Acid House exploded in London and Manchester in 1988; then in 1989 the whole of the UK went raving. "Raving '89" takes you through a year of suburban raves as seen through the eyes of former skinheads Neville and Gavin Watson, with 200 images that capture the essence of this explosive year: grimy warehouses, lasers, phones the size of bricks, general mayhem and more than a few crimes against fashion.

In 1989, Gavin Watson went from being a documenter of skinhead culture to being one of the only people who managed to operate a camera through the ecstasy haze that enveloped England that year. At the time, rave was a revolution, even if it has now been run into the ground. We spoke to Gavin about those halcyon days when you could dance all night on one pill, and about the photos he took which are compiled in his new book, Raving ’89.

Vice: How did you get into the rave scene then?
Gavin Watson:
 The whole skinhead thing was getting a bit strained. There were no options for most of us, unless you wanted to get married and have a kid. We still felt young enough that we didn’t want to disappear into mature life. Rave came along at just the right time. All our friends went to the raves, and those who didn’t fell by the wayside.

What was the atmosphere like at the parties when you first went?
All the skinheads came together when we went to the first raves. My brother Neville resisted for a while. He used to have power in the gang, but by that stage we just went anyway. We were like: “Sorry, mate, but we are off to the party.” He resisted for a few months. It was totally fresh, it blew us away. It was a real force in the country, like a revolution.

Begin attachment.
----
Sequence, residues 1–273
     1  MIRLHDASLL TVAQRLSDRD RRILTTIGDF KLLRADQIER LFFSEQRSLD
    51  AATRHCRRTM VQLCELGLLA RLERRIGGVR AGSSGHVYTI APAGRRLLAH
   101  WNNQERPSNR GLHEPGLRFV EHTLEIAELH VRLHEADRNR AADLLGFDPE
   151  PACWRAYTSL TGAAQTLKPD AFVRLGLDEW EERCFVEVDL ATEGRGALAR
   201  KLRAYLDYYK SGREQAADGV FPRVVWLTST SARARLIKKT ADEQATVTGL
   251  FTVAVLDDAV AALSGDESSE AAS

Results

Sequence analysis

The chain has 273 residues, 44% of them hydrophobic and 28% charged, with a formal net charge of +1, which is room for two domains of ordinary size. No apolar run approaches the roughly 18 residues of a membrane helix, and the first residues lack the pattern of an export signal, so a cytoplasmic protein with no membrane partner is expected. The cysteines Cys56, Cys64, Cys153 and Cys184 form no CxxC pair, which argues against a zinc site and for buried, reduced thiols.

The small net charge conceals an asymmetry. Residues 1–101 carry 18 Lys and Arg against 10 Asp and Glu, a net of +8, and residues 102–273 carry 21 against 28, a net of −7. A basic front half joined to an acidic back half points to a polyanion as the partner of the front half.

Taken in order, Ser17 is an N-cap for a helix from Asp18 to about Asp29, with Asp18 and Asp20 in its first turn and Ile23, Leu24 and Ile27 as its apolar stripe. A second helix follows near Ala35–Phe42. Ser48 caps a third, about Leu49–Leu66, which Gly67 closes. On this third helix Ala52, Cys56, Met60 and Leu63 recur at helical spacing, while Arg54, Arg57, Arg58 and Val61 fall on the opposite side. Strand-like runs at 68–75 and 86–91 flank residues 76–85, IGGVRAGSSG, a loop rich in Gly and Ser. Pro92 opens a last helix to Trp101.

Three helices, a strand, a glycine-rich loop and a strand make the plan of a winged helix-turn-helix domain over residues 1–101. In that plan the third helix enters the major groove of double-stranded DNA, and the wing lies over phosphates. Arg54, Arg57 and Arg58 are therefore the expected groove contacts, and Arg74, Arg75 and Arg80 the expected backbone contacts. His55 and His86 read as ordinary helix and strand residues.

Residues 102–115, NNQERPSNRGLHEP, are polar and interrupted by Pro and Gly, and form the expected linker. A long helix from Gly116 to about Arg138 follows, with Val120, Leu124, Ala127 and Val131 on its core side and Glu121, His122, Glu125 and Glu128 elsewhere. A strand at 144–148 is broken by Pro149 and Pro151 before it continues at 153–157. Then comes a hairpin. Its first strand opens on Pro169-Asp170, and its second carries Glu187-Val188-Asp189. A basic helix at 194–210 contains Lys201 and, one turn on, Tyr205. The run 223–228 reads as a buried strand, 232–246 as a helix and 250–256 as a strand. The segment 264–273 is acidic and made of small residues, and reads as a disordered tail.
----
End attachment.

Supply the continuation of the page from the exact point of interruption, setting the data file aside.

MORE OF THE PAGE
It felt like there was a massive urge to get to these raves. Everyone who was anybody was involved. It was important—we marched in London and changed the licensing laws. If it had been a purely working class thing they would have stomped on us, they would have trodden us into the fucking ground. But it wasn’t, there were middle-class people and even fucking lords going to these raves. Everyone was involved, they couldn’t stop it. The police just didn’t understand it. They had never had to deal with hundreds of people having a good time in a field.

They must have known there were drugs involved?
Very little was known about ecstasy until that wave hit, it wasn’t even illegal. Soon all the rules were changed. But at the time it was a drug designed for psychotherapists or whatever. It wasn’t like heroin, where you could see the damage. The police all thought it was acid we were on! It was a weird time. There were these guys working their balls off to get these raves going, and I was just so grateful they did.

Were you as much a part of rave as you were the whole skinhead thing?
As a person I am very enthusiastic, but I am always a bit outside of things. It was a fantastic release. It didn’t take much to go there, but it’s not like I suddenly decided that I was going to put on a smiley face t-shirt and a bandana and “become a raver”. It just sort of happened, the other stuff fell off me. We still had our skinhead mates, but everything changed, really. It didn’t take much to make the transition.

What was the downside?
It was easy for us lot, we were outside normal society already. We actually became more mainstream as a result of getting into rave. But the guys I went to school with, some had got married at 18 and had kids and when the rave thing happened they went fucking mental. They lost their houses, marriages, their lives fell apart. People didn’t know when the party was over. The drugs took their toll.

Raving ’89 published by DJhistory.com.

Interview By Bruno Bayley on VICE